ParaMonte: Parallel Monte Carlo and Machine Learning Library

This is the ParaMonte::Kernel developer and Fortran-user documentation website.

What is ParaMonte?

ParaMonte is a serial / parallel library of Monte Carlo routines for sampling mathematical objective functions of arbitrary-dimensions, in particular, the posterior distributions of Bayesian models in data science, Machine Learning, and scientific inference, with the design goal of unifying the

  • automation of Monte Carlo simulations,
  • user-friendliness of the library,
  • accessibility from multiple programming environments,
  • high-performance at runtime, and,
  • scalability across many parallel processors.

The ParaMonte project repository

The ParaMonte library is open-source is permanently located and maintained on GitHub at:

    https://github.com/cdslaborg/paramonte

ParaMonte usage and examples website

ParaMonte Machine Leaning documentation website

For the developer and Machine Learning Fortran kernel documentation, visit:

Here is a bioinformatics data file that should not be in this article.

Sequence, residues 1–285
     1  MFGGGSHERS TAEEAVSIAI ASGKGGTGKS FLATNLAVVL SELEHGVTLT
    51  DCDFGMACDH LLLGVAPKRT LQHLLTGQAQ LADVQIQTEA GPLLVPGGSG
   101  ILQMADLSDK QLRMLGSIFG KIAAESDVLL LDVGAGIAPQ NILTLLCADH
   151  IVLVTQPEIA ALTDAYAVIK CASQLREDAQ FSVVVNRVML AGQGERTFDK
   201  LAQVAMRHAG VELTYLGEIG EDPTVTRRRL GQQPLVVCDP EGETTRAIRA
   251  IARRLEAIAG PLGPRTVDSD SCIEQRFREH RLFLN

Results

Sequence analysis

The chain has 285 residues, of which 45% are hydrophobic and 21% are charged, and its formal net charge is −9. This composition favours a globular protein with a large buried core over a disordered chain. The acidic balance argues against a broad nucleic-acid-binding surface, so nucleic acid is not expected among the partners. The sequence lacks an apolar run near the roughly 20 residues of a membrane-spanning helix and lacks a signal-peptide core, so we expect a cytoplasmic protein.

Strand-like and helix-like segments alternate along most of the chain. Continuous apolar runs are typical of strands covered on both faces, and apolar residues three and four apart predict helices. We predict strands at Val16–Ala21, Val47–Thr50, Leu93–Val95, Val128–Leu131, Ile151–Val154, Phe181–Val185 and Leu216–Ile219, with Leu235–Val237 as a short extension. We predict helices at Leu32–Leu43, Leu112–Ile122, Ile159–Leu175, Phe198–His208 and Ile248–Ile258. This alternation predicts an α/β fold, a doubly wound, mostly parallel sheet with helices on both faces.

https://cdslaborg.github.io/paramonte-kernel-doc/html

ParaMonte stochastic optimizer documentation website

For information about the samplers usage and examples visit the ParaMonte documentation and examples website at:

    https://www.cdslab.org/paramonte

ParaMonte Samplers

The routines currently supported by the ParaMonte kernel library include:

ParaDRAM

Parallel Delayed-Rejection Adaptive Metropolis-Hastings Markov Chain Monte Carlo Sampler. For a quick start, example scripts, and instructions on how to use he ParaDRAM sampler in your language of choice, visit:

    https://www.cdslab.org/paramonte/notes/usage/paradram/interface

ParaNest

Parallel Nested Sampler and Stochastic Integrator.

ParaMonte Naming conventions

  • The CamelCase naming style is used throughout the entire ParaMonte kernel library.
  • Variable naming conventions.
    • Although the Fortran language is case-insensitive, by convention, all scalar variable names begin with a lower case, whereas all vectors, arrays, types, and module names commonly begin with an upper-case letter. This rule is not strictly imposed on the public interfaces of the library.
    • All constants and parameters should be generally typed upper-case entirely.
      Example usage
      use iso_fortran_env, only: real64
      integer , parameter :: RK = real64
      real(RK), parameter :: PI = acos(-1._RK)
    • The names of variables that represent vectors of values can be suffixed with Vec or Vector (for example, ProposalStartStdVec, ...) although, this is not recommended since it can conflict with generic programming. Use this naming convention only if the variable is to always represent a vector.